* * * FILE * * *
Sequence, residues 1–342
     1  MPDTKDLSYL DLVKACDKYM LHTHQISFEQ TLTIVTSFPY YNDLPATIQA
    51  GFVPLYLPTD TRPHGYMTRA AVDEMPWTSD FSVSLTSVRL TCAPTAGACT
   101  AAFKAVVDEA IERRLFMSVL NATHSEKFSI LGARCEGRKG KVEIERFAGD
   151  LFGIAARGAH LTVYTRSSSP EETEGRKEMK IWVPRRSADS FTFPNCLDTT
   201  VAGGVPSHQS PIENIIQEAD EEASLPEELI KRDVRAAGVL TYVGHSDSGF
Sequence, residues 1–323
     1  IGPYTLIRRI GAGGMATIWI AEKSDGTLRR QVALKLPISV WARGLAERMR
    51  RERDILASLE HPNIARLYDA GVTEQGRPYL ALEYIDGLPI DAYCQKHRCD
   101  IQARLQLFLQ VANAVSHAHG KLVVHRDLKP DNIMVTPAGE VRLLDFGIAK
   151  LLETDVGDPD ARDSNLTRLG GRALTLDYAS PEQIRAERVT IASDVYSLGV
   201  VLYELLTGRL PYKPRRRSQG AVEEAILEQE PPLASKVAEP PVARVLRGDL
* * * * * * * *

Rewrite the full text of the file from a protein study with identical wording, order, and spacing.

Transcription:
Sequence, residues 1–342
     1  MPDTKDLSYL DLVKACDKYM LHTHQISFEQ TLTIVTSFPY YNDLPATIQA
    51  GFVPLYLPTD TRPHGYMTRA AVDEMPWTSD FSVSLTSVRL TCAPTAGACT
   101  AAFKAVVDEA IERRLFMSVL NATHSEKFSI LGARCEGRKG KVEIERFAGD
   151  LFGIAARGAH LTVYTRSSSP EETEGRKEMK IWVPRRSADS FTFPNCLDTT
   201  VAGGVPSHQS PIENIIQEAD EEASLPEELI KRDVRAAGVL TYVGHSDSGF
Sequence, residues 1–323
     1  IGPYTLIRRI GAGGMATIWI AEKSDGTLRR QVALKLPISV WARGLAERMR
    51  RERDILASLE HPNIARLYDA GVTEQGRPYL ALEYIDGLPI DAYCQKHRCD
   101  IQARLQLFLQ VANAVSHAHG KLVVHRDLKP DNIMVTPAGE VRLLDFGIAK
   151  LLETDVGDPD ARDSNLTRLG GRALTLDYAS PEQIRAERVT IASDVYSLGV
   201  VLYELLTGRL PYKPRRRSQG AVEEAILEQE PPLASKVAEP PVARVLRGDL